As most of you know by now, we’ll be implementing Aeon here at the RAC starting in a couple of months. This will be a pretty big project, and one that gives us the opportunity to reconfigure and restructure some core reference services workflows. It’s an exciting prospect, but one that will also involve a lot of change, so I thought I’d outline the three major processes that will be affected by Aeon.

Researcher registration

Currently all of our researcher registration is done onsite, which means that researchers have to spend about half an hour filling out and signing forms when they first get here, rather than jumping right into their research. We manage some of this information in ATReference, and some of it via paper forms.

With Aeon, researchers will be able to register online ahead of time, filling out their contact information and electronically signing off on forms and agreements. In some cases researchers may be unable to complete the registration online before their visit, and Aeon accounts for those cases by allowing staff to create accounts for researchers as well. Not only does this mean that researchers will be able to begin their work much more promptly upon arriving, it also means that we’ll have all of the information about researchers in one place, and that we’ll be able to easily search and run reports on that data.

These user accounts serve as the basis around which Aeon structures a number of other workflows. Researchers can log into their account, manage their information, and initiate a number of processes such as requests for material, copies or scans.

Retrievals and reshelving

One set of processes that Aeon will help us manage better is our retrieval and reshelving workflows. These processes are currently managed and documented almost exclusively with paper-based forms, which creates several sets of problems.

First of all, it means that researchers have to interpret the information they find in DIMES or in paper finding aids and translate that to a materials request form. As a result, these forms are often filled out incorrectly, incompletely, or illegibly, which then results in a lot of wasted staff time (not to mention unnecessary frustration) spent looking up materials and then connecting them to our shelf list.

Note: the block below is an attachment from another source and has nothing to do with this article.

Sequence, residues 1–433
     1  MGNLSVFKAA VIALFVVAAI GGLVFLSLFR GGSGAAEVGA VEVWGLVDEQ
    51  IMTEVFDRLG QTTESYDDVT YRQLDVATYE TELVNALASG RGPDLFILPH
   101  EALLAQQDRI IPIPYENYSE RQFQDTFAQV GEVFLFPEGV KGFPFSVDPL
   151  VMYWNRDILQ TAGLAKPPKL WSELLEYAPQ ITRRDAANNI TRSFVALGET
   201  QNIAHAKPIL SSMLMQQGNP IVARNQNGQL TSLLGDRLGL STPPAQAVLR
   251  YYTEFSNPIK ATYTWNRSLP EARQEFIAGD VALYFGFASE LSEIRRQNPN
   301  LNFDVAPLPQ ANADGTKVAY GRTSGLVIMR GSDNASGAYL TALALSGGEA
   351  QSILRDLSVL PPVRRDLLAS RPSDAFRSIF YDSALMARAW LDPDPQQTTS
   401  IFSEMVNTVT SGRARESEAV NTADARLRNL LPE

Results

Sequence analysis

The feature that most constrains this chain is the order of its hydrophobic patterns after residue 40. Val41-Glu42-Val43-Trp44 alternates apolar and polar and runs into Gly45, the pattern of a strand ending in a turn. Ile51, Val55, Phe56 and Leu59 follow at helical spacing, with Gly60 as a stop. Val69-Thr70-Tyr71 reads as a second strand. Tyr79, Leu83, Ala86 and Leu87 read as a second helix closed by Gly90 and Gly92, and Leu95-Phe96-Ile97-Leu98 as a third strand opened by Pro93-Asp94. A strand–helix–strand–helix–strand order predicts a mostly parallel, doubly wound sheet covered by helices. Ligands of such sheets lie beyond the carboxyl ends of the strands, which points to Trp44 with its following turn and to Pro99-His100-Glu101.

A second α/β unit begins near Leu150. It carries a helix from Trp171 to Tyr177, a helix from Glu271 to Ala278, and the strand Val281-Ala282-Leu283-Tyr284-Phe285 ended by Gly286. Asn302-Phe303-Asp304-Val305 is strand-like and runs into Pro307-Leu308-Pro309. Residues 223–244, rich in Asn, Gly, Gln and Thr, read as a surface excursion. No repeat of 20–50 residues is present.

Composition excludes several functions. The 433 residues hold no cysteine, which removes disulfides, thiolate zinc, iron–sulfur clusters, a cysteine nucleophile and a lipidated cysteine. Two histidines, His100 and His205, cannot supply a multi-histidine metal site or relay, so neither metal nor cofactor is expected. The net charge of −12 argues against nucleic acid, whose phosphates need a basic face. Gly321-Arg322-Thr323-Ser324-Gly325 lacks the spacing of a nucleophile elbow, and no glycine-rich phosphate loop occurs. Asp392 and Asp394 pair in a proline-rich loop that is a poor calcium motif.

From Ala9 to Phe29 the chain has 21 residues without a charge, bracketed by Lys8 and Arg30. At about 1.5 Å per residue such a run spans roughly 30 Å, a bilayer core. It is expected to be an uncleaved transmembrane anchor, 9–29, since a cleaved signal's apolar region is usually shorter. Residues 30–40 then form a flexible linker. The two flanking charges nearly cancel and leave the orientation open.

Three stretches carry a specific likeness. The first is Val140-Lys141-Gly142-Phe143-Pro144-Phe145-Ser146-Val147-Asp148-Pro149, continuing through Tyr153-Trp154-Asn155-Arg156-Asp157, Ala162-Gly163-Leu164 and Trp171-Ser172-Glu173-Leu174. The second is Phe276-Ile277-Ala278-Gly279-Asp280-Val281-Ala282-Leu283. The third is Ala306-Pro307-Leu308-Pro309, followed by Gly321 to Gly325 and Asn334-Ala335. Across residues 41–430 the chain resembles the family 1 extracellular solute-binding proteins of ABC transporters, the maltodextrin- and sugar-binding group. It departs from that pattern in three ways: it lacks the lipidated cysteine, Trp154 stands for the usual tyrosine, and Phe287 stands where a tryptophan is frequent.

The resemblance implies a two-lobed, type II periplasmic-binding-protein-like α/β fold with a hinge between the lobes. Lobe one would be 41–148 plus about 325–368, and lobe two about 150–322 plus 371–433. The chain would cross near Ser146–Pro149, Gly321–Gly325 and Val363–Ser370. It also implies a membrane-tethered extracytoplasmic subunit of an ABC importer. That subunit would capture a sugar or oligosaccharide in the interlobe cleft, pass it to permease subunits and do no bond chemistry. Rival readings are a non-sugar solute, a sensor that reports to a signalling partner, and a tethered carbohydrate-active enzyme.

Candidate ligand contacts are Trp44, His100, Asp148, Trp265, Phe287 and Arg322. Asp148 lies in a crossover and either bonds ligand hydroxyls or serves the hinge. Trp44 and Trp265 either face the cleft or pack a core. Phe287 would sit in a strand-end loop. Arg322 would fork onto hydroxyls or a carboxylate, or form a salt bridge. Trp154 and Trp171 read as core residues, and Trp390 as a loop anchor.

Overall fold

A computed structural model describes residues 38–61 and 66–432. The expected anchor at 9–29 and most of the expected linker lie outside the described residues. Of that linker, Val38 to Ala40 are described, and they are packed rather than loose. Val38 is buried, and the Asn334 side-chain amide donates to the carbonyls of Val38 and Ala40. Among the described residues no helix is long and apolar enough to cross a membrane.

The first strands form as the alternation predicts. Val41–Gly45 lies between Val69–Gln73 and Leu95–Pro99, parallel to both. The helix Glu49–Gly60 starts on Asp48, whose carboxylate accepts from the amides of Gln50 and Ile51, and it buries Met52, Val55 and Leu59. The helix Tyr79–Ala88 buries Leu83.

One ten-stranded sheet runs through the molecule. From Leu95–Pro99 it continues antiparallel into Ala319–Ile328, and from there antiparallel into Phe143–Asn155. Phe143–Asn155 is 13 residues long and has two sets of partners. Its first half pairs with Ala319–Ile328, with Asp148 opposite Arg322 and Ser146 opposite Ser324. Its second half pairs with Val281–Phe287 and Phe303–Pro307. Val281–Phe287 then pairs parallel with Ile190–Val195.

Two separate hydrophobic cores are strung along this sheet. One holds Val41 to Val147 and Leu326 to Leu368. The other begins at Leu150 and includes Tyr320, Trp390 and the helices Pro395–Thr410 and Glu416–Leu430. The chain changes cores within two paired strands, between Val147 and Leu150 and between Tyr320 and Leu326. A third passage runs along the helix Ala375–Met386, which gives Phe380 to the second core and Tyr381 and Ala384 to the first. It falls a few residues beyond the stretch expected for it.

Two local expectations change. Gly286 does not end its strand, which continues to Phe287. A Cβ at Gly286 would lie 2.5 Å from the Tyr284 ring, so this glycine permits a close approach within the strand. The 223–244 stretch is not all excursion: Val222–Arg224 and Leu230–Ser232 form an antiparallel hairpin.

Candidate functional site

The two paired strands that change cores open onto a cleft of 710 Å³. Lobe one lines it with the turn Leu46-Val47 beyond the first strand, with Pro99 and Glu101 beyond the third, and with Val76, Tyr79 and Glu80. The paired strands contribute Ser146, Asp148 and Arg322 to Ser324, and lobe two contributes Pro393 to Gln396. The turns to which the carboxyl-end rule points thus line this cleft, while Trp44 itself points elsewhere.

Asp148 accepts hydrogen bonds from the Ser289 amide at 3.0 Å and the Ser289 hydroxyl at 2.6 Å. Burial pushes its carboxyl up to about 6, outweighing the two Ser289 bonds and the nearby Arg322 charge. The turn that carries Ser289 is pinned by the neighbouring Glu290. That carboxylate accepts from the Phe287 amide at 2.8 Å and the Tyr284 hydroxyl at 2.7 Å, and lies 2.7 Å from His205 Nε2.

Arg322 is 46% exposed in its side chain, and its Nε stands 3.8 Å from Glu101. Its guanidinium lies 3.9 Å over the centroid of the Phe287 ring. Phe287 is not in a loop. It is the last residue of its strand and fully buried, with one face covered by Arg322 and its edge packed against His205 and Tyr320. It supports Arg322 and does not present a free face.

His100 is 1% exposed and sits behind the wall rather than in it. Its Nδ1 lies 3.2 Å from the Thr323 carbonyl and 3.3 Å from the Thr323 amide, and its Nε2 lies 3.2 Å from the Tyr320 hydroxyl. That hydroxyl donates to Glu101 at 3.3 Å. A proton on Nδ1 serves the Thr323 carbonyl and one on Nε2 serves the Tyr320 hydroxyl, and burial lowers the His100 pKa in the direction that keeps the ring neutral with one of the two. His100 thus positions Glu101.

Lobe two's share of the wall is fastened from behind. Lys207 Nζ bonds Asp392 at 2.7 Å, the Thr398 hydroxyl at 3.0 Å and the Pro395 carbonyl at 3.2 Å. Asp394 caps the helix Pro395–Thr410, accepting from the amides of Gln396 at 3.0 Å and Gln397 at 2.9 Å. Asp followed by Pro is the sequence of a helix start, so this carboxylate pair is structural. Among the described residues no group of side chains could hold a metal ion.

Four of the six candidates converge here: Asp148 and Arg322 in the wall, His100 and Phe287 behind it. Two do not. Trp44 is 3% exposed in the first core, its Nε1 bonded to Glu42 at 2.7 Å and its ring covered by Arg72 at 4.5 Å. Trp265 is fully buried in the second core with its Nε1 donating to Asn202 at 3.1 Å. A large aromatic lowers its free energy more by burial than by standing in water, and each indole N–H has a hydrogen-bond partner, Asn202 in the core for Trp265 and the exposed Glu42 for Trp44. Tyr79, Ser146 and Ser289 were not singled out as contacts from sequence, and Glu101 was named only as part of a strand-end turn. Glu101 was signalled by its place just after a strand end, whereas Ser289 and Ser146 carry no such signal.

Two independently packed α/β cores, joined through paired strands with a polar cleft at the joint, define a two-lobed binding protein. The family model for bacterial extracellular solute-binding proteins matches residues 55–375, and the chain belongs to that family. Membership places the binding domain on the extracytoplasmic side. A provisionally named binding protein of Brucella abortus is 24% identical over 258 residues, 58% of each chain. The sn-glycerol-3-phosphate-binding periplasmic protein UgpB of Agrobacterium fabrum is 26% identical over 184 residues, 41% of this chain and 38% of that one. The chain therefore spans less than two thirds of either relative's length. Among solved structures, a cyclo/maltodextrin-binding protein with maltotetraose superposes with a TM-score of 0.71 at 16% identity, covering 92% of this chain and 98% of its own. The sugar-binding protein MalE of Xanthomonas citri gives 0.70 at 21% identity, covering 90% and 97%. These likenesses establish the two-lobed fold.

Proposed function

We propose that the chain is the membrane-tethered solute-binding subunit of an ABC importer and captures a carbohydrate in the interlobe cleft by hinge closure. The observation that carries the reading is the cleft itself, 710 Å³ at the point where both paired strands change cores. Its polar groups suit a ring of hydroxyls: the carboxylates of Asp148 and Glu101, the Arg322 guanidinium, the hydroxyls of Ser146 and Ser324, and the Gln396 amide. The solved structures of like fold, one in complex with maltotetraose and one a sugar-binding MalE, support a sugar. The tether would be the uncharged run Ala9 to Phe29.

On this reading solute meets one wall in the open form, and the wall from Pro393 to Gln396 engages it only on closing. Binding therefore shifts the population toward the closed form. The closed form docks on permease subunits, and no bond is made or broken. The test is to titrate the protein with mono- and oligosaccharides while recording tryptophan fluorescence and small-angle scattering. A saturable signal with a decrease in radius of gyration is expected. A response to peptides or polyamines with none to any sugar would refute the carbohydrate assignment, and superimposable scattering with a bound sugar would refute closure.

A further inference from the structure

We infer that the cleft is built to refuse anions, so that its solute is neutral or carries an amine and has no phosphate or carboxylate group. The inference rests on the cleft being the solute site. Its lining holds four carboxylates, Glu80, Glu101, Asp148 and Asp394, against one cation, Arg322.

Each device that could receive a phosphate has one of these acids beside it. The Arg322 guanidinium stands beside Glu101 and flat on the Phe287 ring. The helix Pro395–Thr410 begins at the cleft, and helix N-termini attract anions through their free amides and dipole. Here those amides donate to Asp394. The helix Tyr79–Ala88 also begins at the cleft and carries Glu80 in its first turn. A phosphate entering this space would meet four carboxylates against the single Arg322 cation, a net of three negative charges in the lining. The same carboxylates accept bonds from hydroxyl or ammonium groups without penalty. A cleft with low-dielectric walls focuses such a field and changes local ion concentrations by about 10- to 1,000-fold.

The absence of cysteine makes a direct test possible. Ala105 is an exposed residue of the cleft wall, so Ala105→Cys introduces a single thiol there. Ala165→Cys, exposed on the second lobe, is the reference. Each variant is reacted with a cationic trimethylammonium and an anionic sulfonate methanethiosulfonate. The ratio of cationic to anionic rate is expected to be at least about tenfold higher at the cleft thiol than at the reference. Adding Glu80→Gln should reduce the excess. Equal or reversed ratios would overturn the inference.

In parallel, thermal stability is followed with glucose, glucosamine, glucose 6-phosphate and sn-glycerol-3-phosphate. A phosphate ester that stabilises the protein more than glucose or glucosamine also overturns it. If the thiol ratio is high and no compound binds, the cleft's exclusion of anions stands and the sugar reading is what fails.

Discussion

Perhaps most importantly, though, it means that we don’t have a way to track use of collections (or even what collections a researcher used) without doing a lot of tedious culling through paper slips. As a result, we can’t really make fully informed decisions about preservation priorities or offsite storage for collections. This will only become a larger problem in the coming years as our holdings continue to grow.

Aeon will connect with both DIMES and ArchivesSpace to leverage the descriptive data in both of those systems. Researchers will be able to request materials directly from online finding aids, and Aeon will gather together the relevant information needed by staff to retrieve the material, generate any necessary paper forms, and provide checkpoints for managing the physical process of pulling material and returning it to its proper location once a researcher is done with it. Since not all of our materials are described in DIMES (yet!) we’ll need to have a secondary avenue for requesting materials. We’ll figure out exactly what that looks like as we get further into the implementation process.


In addition to managing requests to pull and reshelve material, Aeon also has the ability to manage duplication processes, including photocopying as well as digital duplication.

As with retrieval and reshelving, our workflows for duplication are managed via a number of paper forms and logs, creating a similar set of problems; inefficiency, inaccuracy and a lack of reporting functionality. In addition, since we record credit card information on paper forms, there are serious issues regarding security of sensitive information.

With Aeon, researchers will initiate requests for duplication. Interfacing with DIMES and ArchivesSpace, Aeon will pass along the appropriate information to initiate and manage this process. Credit card processing is handled by a third-party vendor, creating a much more secure process for researchers which will also entail less work on our end.

Since Aeon is so flexible, it’s possible we’ll find other ways for the system to help us manage workflows. For example, it may be able to help us manage loans of material to donor institutions, initiate and track preservation activities, and keep tabs on material used in exhibitions.

With all of these processes, implementing Aeon will give us a chance to think about what we are doing and why we are doing it. Many of our workflows for reference services have been inherited from a time when archives, scholarship and the RAC were all very different. This is a great chance for us to think about what kind of needs our researchers have, and how we can best meet those needs through unique, value-added services that minimize the amount of menial labor on our part and improve the experience of our researchers.

If you’re interested in reading more about Aeon, you can visit their website, or take a look at their brochure which explains how the system works in more detail.